As a pioneering artist, she was instrumental in cofounding several creative platforms for black female photographers – such as Monocrone Women’s Photography Collective, Women + Photography and Polareyes – and participated on editorial boards, including at Autograph (then known as the Association of Black Photographers).

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During this time, Walker regularly reviewed exhibitions and wrote features highlighting the work of her peers: international artists like Joy Gregory, Adrian Piper and Ingrid Pollard.

She was artist-in-residence at Light Work, Syracuse, NY, in 1991. Walker’s main themes, in her own words, ‘involve the black woman and the family worked in a “pot-pourri” of studio, portraiture and documentary.’

Her work has been exhibited across a diverse range of national institutions and galleries globally, including South London Gallery; Jamaica Arts Centre, New York; Impressions Gallery, Bradford; and The Photographers’ Gallery, London. Her photography has featured within group exhibitions such as Self-Evident (1995, Ikon Gallery) and Shifting Terrains (1997, Zone Gallery, Newcastle), both organised in partnership with Autograph; other exhibitions include Through the Looking Glass: Photographic Art in Britain 1945-1986 (1989, Barbican, London); and Decent Exposure (1989, Central Library, Birmingham).

Her works are represented in private and public collections such as The Scottish Arts Council Collection, the Victoria and Albert Museum, and Autograph, London. She studied at West Surrey College of Art & Design (now University of Creative Arts).

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Lola Flash and Maxine Walker opening night



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Accessibility at AUTOGRAPH

Everyone is welcome at Autograph. Our building Rivington Place is an accessible space with a step-free entrance at street level, and a lift to all floors. Unisex, accessible toilets are located on all floors.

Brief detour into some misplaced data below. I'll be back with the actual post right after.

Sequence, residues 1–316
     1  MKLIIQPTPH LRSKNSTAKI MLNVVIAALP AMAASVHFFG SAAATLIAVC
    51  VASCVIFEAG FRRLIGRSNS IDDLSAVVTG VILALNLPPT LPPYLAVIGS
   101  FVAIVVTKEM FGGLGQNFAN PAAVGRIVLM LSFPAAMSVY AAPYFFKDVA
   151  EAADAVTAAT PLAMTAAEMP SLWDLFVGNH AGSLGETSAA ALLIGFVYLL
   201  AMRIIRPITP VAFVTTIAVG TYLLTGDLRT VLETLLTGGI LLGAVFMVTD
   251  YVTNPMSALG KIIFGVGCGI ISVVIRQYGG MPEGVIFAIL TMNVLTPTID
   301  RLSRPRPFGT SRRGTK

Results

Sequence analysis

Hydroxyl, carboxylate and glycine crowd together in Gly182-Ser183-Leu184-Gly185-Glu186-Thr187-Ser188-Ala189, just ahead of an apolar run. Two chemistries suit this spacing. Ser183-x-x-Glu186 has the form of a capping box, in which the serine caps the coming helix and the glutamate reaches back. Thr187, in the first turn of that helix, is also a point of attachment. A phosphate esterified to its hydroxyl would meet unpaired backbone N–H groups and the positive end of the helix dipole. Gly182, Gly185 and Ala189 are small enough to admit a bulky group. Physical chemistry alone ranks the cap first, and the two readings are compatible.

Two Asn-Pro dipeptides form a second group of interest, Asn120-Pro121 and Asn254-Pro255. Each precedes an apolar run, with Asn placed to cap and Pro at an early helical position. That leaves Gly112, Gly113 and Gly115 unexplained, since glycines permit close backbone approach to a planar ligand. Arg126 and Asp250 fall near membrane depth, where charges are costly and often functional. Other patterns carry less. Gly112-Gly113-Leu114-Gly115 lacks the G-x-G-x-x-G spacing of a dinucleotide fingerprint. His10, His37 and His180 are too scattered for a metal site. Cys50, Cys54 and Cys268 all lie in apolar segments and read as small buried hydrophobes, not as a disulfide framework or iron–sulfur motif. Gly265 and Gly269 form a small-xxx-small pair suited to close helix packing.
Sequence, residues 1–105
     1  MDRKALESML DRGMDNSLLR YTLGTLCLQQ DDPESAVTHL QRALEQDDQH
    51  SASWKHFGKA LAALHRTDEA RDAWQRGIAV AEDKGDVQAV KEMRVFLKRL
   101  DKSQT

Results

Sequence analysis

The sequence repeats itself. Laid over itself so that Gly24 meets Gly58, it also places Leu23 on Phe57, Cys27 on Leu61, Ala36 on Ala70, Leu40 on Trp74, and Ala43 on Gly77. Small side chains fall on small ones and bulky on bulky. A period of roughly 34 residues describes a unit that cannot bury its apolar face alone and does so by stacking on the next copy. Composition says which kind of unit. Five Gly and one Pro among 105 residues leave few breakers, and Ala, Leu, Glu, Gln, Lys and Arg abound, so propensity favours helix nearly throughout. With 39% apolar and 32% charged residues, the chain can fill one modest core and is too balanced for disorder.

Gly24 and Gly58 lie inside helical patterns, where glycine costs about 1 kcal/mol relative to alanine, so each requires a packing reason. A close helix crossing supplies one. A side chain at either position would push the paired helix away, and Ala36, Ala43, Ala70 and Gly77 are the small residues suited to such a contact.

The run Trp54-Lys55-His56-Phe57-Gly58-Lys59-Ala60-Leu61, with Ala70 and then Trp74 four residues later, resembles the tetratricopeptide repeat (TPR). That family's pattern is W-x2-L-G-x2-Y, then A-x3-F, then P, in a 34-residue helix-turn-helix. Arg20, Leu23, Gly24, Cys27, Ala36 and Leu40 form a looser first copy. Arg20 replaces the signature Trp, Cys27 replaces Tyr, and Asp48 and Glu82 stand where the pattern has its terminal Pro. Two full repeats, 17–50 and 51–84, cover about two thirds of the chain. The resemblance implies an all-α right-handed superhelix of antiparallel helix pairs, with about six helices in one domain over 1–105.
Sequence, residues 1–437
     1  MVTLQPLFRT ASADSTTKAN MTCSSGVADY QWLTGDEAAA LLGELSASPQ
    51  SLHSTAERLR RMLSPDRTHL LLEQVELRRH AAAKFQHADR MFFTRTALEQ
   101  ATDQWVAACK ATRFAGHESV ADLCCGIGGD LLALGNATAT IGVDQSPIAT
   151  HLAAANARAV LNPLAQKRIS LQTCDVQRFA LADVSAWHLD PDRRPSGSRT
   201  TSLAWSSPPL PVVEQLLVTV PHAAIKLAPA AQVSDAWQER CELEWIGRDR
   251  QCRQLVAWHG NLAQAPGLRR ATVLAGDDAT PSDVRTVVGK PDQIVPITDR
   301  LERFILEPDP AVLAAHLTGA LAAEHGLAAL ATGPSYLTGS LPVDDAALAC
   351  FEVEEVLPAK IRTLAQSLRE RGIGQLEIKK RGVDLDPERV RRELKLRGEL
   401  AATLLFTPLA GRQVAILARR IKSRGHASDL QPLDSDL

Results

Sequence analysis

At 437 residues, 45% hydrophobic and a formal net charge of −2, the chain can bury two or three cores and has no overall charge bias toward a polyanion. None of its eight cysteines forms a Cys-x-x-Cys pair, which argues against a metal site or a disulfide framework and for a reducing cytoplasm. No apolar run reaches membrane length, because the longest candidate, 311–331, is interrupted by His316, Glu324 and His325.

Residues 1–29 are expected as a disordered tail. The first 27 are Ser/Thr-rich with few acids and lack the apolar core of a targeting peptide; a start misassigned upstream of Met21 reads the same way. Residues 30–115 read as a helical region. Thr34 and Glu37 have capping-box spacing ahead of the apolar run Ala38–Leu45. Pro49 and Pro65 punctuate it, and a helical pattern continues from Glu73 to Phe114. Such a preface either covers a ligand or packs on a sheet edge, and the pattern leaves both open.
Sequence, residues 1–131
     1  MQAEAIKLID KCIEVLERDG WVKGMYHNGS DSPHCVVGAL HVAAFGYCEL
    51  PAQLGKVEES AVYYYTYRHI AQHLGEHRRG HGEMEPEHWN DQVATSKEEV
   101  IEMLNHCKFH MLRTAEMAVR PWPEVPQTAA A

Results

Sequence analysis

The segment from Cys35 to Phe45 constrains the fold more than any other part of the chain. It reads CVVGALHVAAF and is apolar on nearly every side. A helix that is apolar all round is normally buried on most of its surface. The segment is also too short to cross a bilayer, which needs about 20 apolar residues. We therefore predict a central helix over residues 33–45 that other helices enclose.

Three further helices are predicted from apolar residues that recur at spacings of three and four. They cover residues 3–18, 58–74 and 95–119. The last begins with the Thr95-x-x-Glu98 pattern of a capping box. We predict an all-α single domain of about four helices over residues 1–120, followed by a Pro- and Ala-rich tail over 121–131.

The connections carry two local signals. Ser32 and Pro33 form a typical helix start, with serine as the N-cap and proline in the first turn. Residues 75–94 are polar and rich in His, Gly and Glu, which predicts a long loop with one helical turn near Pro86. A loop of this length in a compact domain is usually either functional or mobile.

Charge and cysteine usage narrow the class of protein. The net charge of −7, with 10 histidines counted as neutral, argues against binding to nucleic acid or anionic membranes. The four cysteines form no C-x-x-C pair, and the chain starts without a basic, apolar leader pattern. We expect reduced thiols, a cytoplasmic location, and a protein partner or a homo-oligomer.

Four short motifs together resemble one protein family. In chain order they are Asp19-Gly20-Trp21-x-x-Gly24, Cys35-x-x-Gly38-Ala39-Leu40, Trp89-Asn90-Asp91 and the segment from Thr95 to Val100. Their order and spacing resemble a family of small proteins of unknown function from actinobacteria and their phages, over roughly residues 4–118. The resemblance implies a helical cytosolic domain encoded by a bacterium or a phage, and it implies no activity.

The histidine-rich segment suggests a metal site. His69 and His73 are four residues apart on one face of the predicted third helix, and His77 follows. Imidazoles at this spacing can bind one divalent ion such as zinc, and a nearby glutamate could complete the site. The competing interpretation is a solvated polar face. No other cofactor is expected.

Download our Accessibility Guidefor detailed access information about our venue and transport.

We are happy to help. If you would like to discuss your visit, or have any questions, please contact us at info@autograph-abp.co.uk or 020 7749 9200

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ACKNOWLEDGEMENTS

All vintage material on display from Autograph’s archive collection of photography. Ephemera from Intimate Distance (1989) courtesy of The Photographers’ Gallery, London.

SPECIAL THANKS

Maxine Walker and Autograph would like to thank: Derek Bishton, Vanley Burke, Claudette Holmes, Joy Gregory, Denise Walker, and Ella Yvonne Delores Walker Cole.



EXHIBITION SUPPORTED BY

Supported using public funding by Arts Council England


Banner images: 1-2) Maxine Walker, Untitled, 1997. Courtesy of the artist and Autograph, London.  3) Maxine Walker: Untitled at Autograph, London. Photograph by Zoe Maxwell.

Pages images, from top left: 1) Lola Flash, Sadako [detail], New York, 2008. From the series [sur]passing. Courtesy the artist. 2) Maxine Walker, Untitled, 1997. Courtesy of the artist and Autograph, London. 3-4) Maxine Walker. 5) Maxine Walker at her exhibition at Autograph, London. Photograph by Zoe Maxwell. 6) Rivington Place, home of Autograph. Photograph by Zoe Maxwell.